The big issue is how can anyone distribute the money "fairly"? Well this is where C.H. Douglas's idea of a national dividend would help. It would be the
most equitiable way of spurring economic activity. Perhaps allocate a certain percentage to infrastructure spending, some to social spending, but 50% to
a national dividend split evenly amongst all taxpayers (taxpayers being akin to a "shareholder" in the "corporation" that is the nation itself. This would be
the most fair way to go about monetary policy and would promote prosperity much better than any quantitative easing.
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yes, MARTIN, we are ready. It is unsustainable to deposit money on a bank account with 1% interest and borrowers pay 15% for it. How can they think this
would be seen well?!!
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"And what is the problem? That once in a centary house prices get out of control? By simply regulating housing sector, by example tying house prices to
rental rates like Steve Keen has proposed you get rid of that problem. Job done. Simple isn't it?"
It would be simpler if governments would suspend their policies of driving up house prices in the rst place.
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Besides, when you think about it, it is an impossibility. If a government were to try to decit spend enought for banks to have reserves, if would drive
private sector wealth way up (public debt/money issued is a private sector asset) and that would cause consumption to surge, rst employing all available
resources and then causing high ination.
If money were to come into existence without debt you could not have enough money saved in the banking system to nance all activities that modern
economy needs. Unless you want super-rich people to have trillions in wealth instead of billions.
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Recently both IMF and Bank of England came out and said that textbook version about money creation is not true: banks don't lend out reserves. Now this
stuff is on the news! http://youtu.be/0wgd30DnoDk
Strip private banks of their power to create money - FT.com http://www.ft.com/cms/s/0/7f000b18-ca44-11e3-bb92-00144feabdc0.html
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NAIBER
Olaf von Rein
dant
City Slick-er
PercyPavilion
You have wrong models in mind mr. Marting Wolf.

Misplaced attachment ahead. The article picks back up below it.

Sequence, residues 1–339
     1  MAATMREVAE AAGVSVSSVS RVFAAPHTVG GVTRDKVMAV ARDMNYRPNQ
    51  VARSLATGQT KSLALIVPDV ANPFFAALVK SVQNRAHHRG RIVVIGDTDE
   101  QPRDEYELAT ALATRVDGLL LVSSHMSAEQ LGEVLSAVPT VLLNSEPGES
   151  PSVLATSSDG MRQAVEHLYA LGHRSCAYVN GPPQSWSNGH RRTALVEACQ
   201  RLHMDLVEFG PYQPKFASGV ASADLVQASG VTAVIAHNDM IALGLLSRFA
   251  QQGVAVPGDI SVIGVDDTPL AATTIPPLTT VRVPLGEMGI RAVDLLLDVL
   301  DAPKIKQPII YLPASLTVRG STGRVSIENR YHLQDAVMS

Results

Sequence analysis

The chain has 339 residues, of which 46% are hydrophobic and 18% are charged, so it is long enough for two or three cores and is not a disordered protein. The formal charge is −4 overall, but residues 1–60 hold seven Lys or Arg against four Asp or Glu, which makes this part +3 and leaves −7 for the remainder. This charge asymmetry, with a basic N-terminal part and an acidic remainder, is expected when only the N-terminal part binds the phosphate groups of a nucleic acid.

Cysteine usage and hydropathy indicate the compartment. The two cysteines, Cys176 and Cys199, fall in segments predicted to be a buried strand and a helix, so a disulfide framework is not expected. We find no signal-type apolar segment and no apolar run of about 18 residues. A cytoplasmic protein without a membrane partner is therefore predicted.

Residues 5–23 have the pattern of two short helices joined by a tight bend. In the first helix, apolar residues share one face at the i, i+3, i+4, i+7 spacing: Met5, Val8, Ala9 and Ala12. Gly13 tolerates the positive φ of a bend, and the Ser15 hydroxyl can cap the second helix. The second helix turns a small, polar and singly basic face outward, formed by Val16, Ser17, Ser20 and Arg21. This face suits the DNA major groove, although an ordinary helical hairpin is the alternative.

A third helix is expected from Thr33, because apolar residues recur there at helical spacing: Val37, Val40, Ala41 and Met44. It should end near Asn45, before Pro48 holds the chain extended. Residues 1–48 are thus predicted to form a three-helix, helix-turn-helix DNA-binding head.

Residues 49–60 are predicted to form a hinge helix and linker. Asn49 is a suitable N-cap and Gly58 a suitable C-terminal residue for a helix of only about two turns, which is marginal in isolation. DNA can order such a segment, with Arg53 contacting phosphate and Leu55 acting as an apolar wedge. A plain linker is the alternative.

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There seems to be no end to bad ideas coming from economists. If private sector lending is, say, 50 trillion in the us, where would those 50 trillion come
that banks need to raise to their reserves?
Banks could sell govt bonds to get reserves, but total amount of govt bonds out there is only about 15 trillion! overnment would have to decit spend rest
of the money in the existence. And this is supposed to save money?
We dont need this, government already creates new money as it spends. It faces no scal constraint! Stop living in a fantasy land. ou can't have a
prosperous economy by doing a knife job to your nancial system, you need to be able to nance economic activities.
And what is the problem? That once in a centary house prices get out of control? By simply regulating housing sector, by example tying house prices to
rental rates like Steve Keen has proposed you get rid of that problem. Job done. Simple isn't it?
These laa-laa-land living fools are danger to us all.
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"Opponents will argue that the economy would die for lack of credit. ... We could nd other ways of funding this." Well, in this hypothetical world there
must only be equity nance. Loans would have to be proscribed since otherwise the fractional reserve banking would make an immediate come-back -
legally or otherwise.
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@im oung: here is no eciency gain in the current system. As I have pointed out to you in the past, there is no overhead in holding numbers in a bank
computer system. There is an overhead in maintaining NHS beds.
he only reason that we currently require bank credit money creation is that there is an insucient supply of BoE money available to facilitate trade in the
economy. Also, the only BoE money available to consumers is in the form of cash, which in the modern world is not good enough. If *all* money was BoE
money and the payment systems were opened up so that ordinary people could use electronic payments of BoE money directly, then we would have no
need for commercial bank created money. If a 100% reserve system was implemented, with sucient "indestructible" money added to the system to